Spooky Halloween Stories from So Say We All

Jennifer D. Corley and So Say We All Executive Director/editor, Justin Hudnall. (Photo courtesy of So Say We All.)

Even during Covid-19, people are finding creative ways to celebrate Halloween. A new audio series of stories offering chills is Listen with the Lights Off: A Radio Horrorshow, presented by La Jolla Playhouse’s Without Walls (WOW) Goes Digital Festival and produced by the literary and performing arts nonprofit organization, So Say We All.

Adapted form So Say We All’s literary horror anthology series, Black Candies, the roughly 30-minute first installment consists of two short narratives.

After a witty introduction from So Say We All’s Program Director/editor/producer, Jennifer D. Corley, audiences listen to a tale about an unhappy, unfulfilled, unnamed New York English teacher (voiced by Rhianna Basore) and her boyfriend, David (voiced by Salomon Maya), called This is a Ghost Story. Despite the fact that she never met David’s departed fiancée, Eliza, the teacher is haunted by her passing.

David’s girlfriend begins to obsess about Eliza on All Souls’ Day, after he goes alone to her grave. When he returns home, it becomes clear that David’s girlfriend is not satisfied with their romantic relationship.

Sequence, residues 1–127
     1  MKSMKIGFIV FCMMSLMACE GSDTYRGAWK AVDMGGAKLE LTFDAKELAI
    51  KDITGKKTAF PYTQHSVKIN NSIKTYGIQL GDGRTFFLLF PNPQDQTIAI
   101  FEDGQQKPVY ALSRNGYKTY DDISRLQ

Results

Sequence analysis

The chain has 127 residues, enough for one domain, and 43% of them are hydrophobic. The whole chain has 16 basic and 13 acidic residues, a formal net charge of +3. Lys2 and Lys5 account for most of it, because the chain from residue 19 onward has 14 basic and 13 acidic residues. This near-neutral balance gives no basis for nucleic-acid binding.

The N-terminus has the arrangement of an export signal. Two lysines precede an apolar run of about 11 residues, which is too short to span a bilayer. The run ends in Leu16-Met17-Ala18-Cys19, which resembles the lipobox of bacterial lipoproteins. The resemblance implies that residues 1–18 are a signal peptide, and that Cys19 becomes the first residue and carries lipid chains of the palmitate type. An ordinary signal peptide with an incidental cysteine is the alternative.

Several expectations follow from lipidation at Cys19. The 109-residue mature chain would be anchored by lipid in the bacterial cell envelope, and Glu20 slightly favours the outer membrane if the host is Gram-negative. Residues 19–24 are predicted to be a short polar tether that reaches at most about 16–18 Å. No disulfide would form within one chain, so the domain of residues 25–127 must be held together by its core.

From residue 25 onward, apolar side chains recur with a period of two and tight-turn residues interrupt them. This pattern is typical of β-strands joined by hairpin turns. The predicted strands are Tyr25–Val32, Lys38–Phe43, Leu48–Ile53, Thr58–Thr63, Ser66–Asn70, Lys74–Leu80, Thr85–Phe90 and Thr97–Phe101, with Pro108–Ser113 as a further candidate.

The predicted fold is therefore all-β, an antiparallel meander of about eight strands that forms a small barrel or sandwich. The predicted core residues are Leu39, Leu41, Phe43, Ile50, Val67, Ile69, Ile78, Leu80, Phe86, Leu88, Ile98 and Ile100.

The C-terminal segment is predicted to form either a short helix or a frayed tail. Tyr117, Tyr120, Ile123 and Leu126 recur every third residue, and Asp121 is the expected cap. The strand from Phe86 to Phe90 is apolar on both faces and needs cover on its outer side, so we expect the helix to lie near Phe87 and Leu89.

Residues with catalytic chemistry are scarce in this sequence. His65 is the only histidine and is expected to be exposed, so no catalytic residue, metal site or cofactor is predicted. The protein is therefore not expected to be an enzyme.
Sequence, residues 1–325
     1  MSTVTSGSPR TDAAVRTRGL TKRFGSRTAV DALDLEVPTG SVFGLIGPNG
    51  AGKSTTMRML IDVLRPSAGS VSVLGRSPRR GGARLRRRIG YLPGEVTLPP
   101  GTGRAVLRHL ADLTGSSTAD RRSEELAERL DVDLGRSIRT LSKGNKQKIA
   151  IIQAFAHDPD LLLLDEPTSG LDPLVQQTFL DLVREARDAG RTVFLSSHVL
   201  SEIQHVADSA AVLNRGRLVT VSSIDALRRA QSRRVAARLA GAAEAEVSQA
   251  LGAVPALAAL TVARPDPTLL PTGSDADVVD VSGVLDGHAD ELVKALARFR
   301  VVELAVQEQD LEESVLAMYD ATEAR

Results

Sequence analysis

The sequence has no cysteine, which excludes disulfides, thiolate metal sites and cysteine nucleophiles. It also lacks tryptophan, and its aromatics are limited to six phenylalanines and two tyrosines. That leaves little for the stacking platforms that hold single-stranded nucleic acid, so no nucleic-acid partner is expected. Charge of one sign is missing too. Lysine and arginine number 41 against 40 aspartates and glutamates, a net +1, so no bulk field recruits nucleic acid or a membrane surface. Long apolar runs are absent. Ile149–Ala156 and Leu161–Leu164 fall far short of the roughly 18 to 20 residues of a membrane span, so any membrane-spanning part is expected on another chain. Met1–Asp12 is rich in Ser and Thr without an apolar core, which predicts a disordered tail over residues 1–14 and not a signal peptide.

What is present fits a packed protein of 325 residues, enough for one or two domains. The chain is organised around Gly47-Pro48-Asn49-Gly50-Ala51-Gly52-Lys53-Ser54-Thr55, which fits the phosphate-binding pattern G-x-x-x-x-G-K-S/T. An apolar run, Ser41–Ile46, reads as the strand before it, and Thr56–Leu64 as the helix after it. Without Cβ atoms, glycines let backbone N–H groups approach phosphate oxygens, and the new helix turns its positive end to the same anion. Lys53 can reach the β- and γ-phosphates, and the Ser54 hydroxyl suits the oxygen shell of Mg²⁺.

The New Yorker becomes increasingly distraught after seeing a woman who looks like Eliza on a train.

Writer, Juliet Escoria, leaves it up to listeners to decide whether the female protagonist is being haunted by the spirit of Eliza, or if she is suffering from a psychological breakdown.

Basore is disturbing, when vocally acting out a world-weary attitude, and Maya is able to capture both David’s surface level kindness and emotionally distant personality.

Following the first tale is Kayla Miller’s dystopian narrative, Today We Go to Noah’s Ark.

Narrated by Yolanda Marie Franklin, she describes the aftermath of a future where animals are endangered.

In order to fix the issue, the solution is to put most living animals from the land, air and sea, in an ark, which becomes the main attraction of a theme park.

Listen with the Lights Off logo. (Image courtesy of the La Jolla Playhouse.)

Miller writes in a descriptive and peaceful style, using positive language to depict the park. Her writing slowly builds up to an unsettling payoff, that Franklin is able to convey through her narration.

Franklin matches Miller’s prose, speaking in an upbeat and calm manner. Her cheerful vocals help make the conclusion more shocking, as her tone slowly becomes serious and ominous.

Because of both unnerving plots, episode one of Listen with the Lights Off leaves a lasting and memorable impression. I would recommend listening to it in a dark and quiet room.

Episodes One and Two are available now. Episode Three will be available on October 28.

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